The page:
Strange Beliefs: The Rituals of Finishing Fieldwork

Strange Beliefs

This is a comment page for two readings and the film Strange Beliefs in the Hartwick Cultural Anthropology 2016 course:

  • Bowen pp. 222-297 in Return to Laughter.
  • Welsch & Vivanco, chapter 11, “Religion: Ritual and Belief” (202-220) in their Concise Introduction to Cultural Anthropology
  • A segment of the film Strange Beliefs is available on YouTube.

Rough notes below and then Disqus comments.

The first part of class developed the argument from the previous class on why anthropology has been so good on sex/gender but getting little traction on race, ethnicity, and immigration.

Then went into a reprise of the theme for part 2 of the course: “Culture in the field: beautiful idea, beautifully naïve.”

Once when speaking informally about fieldwork, Michel-Rolph Trouillot advised: “Look dumb.” This is perhaps what Bohannan’s character wants when she describes the familiar anthropological gambit of becoming a child in another society: “Perhaps my heart is that of a child . . . The wisdom of your country and of mine are different. Yet our hearts are the same” (Bohannan:142). However, her interlocutor retorts, “May you learn swiftly then” (143). Similarly, as Trouillot elaborated on his advice, he talked about “but not that kind of dumb,” or that fieldworkers could strategically “look dumb” in particular contexts and reasons, but not to be naive.

Recapping Benedict’s Patterns of Culture, there is a theoretically beautiful idea of culture along with the benefits of cultural relativism.
But there are sometimes scary reifications of The Dobuans, The Kwakiutl, or The Pueblos. Is this because Benedict did not do fieldwork? We believe fieldwork breaks down barriers and reveals range of human behavior. Fieldwork should be an anti-reification device.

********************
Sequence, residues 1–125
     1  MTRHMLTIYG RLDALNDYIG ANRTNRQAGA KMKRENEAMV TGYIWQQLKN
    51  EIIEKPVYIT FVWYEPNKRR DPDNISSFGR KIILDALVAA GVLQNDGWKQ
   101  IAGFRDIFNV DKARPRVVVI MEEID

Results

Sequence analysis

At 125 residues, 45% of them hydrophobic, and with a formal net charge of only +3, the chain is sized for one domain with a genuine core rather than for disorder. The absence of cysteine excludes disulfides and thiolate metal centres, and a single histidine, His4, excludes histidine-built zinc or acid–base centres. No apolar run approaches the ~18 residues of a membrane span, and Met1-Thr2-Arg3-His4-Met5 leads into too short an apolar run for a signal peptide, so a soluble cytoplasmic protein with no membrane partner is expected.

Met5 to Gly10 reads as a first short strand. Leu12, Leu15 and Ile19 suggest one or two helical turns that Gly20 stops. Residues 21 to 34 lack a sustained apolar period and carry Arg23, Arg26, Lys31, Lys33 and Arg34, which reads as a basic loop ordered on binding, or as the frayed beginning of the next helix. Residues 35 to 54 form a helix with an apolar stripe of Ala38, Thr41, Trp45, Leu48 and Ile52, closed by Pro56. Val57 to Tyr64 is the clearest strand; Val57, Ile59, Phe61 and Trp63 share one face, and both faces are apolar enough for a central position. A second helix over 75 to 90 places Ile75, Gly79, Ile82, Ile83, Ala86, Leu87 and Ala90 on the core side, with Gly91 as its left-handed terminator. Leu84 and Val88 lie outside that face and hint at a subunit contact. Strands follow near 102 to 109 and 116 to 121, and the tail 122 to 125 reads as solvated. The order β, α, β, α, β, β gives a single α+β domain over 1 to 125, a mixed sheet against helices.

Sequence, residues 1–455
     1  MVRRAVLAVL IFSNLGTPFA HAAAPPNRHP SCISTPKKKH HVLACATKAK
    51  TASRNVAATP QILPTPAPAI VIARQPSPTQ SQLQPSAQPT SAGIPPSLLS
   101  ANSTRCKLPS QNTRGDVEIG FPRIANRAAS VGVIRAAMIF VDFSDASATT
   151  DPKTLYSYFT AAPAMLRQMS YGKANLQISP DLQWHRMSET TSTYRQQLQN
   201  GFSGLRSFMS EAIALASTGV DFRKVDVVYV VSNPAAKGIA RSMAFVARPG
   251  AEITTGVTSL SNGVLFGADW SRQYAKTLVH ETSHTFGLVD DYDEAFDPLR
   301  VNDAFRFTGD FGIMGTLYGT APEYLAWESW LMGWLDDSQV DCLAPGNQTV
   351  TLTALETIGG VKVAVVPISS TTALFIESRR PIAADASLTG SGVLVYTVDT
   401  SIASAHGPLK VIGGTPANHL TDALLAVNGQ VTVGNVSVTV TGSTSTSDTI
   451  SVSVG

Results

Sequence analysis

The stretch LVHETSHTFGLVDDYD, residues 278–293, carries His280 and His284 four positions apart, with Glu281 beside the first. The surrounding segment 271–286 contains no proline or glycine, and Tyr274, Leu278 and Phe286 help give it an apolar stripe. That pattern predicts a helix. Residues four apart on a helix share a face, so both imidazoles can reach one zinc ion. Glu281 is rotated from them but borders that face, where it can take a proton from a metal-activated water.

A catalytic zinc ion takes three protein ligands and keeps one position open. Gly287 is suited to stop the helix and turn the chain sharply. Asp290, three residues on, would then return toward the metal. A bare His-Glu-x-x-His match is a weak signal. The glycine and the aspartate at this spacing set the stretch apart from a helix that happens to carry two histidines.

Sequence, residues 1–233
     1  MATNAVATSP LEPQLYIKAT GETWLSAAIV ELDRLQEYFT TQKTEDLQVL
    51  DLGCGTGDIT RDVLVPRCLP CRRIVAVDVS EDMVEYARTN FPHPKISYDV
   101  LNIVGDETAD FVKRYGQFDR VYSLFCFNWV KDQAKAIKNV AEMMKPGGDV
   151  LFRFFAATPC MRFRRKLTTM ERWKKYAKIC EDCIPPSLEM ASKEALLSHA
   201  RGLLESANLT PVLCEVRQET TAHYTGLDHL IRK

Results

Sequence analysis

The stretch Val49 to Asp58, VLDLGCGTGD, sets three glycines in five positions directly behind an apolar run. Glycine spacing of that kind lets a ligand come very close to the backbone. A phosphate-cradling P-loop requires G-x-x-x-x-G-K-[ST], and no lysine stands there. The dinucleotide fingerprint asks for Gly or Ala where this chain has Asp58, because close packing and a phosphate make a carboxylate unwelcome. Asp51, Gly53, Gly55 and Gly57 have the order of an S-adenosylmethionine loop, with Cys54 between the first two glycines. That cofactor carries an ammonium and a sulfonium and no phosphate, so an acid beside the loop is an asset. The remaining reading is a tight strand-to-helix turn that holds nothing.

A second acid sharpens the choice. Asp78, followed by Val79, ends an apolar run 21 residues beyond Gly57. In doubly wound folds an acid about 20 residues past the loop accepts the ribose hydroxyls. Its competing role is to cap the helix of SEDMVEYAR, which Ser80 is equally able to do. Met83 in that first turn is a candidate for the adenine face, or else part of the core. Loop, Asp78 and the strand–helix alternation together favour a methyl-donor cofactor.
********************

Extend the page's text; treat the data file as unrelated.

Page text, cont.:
The final stretch of fieldwork: What do we imagine should happen?

Accustomed, easier
Strong friendships, attachment
Understanding, revelation, prove something, conclusions, things come together, make sense
A big party
Reverse culture shock
Less “us versus them” mentality


Strangers, people on the move (264)

“There was no doubt in my mind—and there is none now—that by leaving him to his fate I denied the greatest of our moral values: one must not withhold help which it is in one’s power to give” (273).


“I had become incapable of thinking or feeling clearly in their terms or in mine” (253).
But why might witchcraft accusations be so intense now?


“Of all the people there, only I knew it didn’t have to be. They had not learned to cry in their anguish, ‘This must not be! Surely there must be a way!’” (260).
See “Rites of Passage” (Welsch & Vivanco:214-216)

What is happening?

Caught up in moment, ignoring historical circumstances and present condition
Valorizing an idealized version of art-science-civilization, ignoring lots of history
Separating “our” world from “their” world, ignoring centuries of contact and interaction (293-94)

Does acknowledge

“those of my own country who laugh crudely and maliciously at the pain of others” (229)
“I myself was not one who cried, ‘There must be a way’” (260)
“Europe conquered the pesthouse and created Belsen” (280)
That she began with a weak version of cultural relativism (289-291)
Laughter (295, 297)


Fieldwork is not a cure-all or automatic anti-reification device
The ethnographic monograph can exacerbate the “us” versus “them”

Which brings us to Trouillot, “Adieu, Culture” (97-116)